After you are married, people will begin asking when you plan to start a family, but the burning question on everyone’s lips when you get engaged (other than ‘When’s the big day?’) is whether you will be taking on your partner’s surname name.
The tradition of one partner taking on the other’s surname is still quite strong, with surveys showing as much as 82% of newlyweds choose to change their name.
That said, there are a lot more options on the table.
Couples can simply choose to keep their own surnames, combine surnames with a hyphen or double-barreling, or one partner can transform their maiden name into a middle name and assume their partner’s surname.
Couples can also create an entirely new surname, which might look like a Brangelina-style mix-up, but for surnames of course.
Have you asked a friend or family member to do a reading during your ceremony?
Take Mills and Fordyce for example, it could become Mildyce. However, if you decide to go down this route, you will need to get a legal name change procedure going.
With the clear majority going down the simple surname-change path, it is clear there is always a place for tradition.
You should know that you can take on your partner’s name as soon as you like in social circles and you don’t actually have to change your name on any documentation. It’s called Name by Association and is perfectly legal.
If you decide to go the whole hog, the process is quite straightforward, but can be time-consuming.
The good news is, if you want to use your spouse’s name after getting married in Australia, you do not need to register for a change of name.
All you need is an official marriage certificate from the state you were married in and this will be all the proof of identity you need to change all your official documents.
It is important to remember that the certificate issued by the Registry of Births, Deaths and Marriages (RBDM) is very different to the one given to you by your celebrant on your wedding day and the latter will not be accepted when requesting name changes on official documents and accounts.
If you were married overseas, you may need to apply to change your name through a state authority as some organisations won’t accept a foreign marriage certificate.
Take a breath! This doesn’t mean your marriage is not legal, it just means that it cannot be registered in two separate countries, so you may need a formal name change for the government to accept your married name.
Before you head off to the RBDM, talk to the organisations you need to update your details with about the documents they will accept and you might get lucky and be able to skip that step.
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Now comes the more challenging part.
Here are some simple tips to help get you started.
1. Request an official marriage certificate
This can be done through the Registry of Births, Deaths and Marriages in the state you were married in. Check with your celebrant, as they may have already filed the paperwork for you.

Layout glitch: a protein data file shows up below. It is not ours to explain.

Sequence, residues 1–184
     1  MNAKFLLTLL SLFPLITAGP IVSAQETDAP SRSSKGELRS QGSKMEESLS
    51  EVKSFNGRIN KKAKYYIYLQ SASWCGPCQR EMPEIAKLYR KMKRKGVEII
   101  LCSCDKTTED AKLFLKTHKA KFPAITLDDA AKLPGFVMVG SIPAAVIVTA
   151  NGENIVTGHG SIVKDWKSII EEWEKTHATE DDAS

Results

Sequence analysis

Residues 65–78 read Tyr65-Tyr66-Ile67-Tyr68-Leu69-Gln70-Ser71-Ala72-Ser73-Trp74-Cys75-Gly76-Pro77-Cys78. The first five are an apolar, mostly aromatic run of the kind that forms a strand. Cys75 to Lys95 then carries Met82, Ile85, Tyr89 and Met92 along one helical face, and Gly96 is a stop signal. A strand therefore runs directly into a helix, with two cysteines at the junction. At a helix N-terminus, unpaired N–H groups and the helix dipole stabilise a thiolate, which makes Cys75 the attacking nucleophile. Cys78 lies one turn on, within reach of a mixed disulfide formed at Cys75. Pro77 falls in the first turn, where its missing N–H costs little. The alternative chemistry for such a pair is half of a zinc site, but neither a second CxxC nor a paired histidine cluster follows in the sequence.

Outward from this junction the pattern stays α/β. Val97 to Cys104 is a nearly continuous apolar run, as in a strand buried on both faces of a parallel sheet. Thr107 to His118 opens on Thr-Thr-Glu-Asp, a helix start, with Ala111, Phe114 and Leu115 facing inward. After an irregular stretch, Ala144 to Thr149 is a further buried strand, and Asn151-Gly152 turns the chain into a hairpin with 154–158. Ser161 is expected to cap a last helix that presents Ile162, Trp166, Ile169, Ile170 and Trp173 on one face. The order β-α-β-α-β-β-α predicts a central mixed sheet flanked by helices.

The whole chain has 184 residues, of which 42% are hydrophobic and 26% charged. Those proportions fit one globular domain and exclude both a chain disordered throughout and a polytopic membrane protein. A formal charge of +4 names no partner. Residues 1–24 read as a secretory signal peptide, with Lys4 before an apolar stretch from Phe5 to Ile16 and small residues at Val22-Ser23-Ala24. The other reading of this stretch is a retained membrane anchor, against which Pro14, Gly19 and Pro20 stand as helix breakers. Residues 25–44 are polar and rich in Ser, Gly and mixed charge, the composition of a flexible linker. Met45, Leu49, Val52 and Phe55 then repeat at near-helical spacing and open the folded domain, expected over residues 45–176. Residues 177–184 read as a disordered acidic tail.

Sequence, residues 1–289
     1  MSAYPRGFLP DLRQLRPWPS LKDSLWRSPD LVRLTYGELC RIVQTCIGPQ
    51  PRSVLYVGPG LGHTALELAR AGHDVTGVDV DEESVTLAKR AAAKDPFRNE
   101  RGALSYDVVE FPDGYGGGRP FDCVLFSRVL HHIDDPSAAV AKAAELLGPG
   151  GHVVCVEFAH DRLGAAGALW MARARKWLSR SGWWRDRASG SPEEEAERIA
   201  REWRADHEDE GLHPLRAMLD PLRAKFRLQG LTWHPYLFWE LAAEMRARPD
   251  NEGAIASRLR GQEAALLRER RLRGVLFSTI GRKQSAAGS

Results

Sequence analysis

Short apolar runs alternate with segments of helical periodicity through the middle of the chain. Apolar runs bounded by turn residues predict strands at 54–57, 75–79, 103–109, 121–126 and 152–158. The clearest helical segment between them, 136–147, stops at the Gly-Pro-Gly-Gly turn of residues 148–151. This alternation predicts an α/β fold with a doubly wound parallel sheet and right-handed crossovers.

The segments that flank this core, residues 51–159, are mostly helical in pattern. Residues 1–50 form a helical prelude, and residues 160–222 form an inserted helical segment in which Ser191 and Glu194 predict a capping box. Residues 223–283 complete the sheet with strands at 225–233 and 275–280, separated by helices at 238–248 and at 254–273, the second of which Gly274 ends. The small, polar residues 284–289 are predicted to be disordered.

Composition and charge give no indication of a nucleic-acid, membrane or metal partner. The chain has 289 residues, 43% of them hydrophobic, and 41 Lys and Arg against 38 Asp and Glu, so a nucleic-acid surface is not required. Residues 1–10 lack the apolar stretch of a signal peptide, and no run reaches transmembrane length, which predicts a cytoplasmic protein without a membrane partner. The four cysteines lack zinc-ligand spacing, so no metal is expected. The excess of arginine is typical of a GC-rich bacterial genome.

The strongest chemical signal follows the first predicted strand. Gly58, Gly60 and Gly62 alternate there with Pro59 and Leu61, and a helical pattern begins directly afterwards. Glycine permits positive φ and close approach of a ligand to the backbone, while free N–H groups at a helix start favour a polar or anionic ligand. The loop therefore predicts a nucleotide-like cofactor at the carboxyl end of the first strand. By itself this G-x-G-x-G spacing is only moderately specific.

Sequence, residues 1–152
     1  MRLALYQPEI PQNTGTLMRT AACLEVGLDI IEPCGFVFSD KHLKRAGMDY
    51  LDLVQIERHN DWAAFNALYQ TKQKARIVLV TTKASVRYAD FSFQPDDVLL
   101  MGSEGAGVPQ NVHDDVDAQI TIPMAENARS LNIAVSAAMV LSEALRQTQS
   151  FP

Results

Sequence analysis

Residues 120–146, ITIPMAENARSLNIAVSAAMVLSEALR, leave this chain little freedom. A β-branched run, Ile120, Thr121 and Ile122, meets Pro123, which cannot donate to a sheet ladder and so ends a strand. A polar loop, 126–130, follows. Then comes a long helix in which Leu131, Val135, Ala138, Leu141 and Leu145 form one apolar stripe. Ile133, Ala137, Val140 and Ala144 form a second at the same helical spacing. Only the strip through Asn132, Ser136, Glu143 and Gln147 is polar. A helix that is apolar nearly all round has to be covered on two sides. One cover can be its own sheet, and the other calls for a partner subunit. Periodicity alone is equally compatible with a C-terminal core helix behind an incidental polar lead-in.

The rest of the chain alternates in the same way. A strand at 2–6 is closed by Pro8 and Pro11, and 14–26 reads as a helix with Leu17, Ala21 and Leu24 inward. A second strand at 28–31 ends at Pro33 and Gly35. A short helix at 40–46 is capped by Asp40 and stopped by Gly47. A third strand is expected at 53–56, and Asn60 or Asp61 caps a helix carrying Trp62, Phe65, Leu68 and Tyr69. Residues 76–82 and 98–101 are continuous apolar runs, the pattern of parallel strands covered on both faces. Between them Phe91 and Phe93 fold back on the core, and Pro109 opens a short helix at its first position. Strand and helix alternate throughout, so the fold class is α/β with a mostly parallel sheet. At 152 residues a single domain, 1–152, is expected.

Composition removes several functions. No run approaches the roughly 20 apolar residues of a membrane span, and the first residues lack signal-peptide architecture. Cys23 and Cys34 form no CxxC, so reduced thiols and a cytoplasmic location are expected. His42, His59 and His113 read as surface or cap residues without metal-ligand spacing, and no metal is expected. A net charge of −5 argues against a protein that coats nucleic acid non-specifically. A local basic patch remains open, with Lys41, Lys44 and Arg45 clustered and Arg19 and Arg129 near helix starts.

2. Make a list
After planning a wedding, you might be sick of lists by now, but this is a very important one. List all of the places where you have identification, accounts or loyalty cards. Some good places to start are: Passport, driver’s license, car registration, bank accounts, Australian Taxation Office, electoral enrollment, medicare, insurance policies, doctors/dentists, superannuation, your will, subscriptions and memberships.
3. Find out what they require to process the name change
Some places will require you to complete a change request form, which are usually found online, while others will simply request to see your marriage certificate or a certified copy of it.
4. Get identification documents changed first
A government issued photo ID, such as your passport or driver’s license, provide solid proof of your new name and other organisations will quickly change your name after seeing this record. This could speed things up considerably, especially if you have them handy when, for example, you visit the doctors or the bank next.
5. Make friends with the photocopier
Make heaps of copies of your marriage certificate and your new photo ID and have them certified by a justice of the peace. Hopefully you get one with a nifty rubber stamp so they don’t suffer from hand cramps by the end of it all. If you have these on hand, you can simply send some out in the post to companies that require them and not have to worry about sending and trying to recoup your original.
6. Keep adding to your list
Whenever you get an email, letter or notification, add the company to the list and keep working through them.
7. Cheat (just a little…)
Kits designed specifically to help Australian couples with name changes do exist, and can be found online. They contain all of the paperwork to fill out for the major things, like the ATO, passports, drivers license etc. They do, however, come at a cost and you will still have to go through all of the membership and loyalty programs, personal subscriptions etc on your own.
So, now all the hard work is done, enjoy the next exciting stage of your life!
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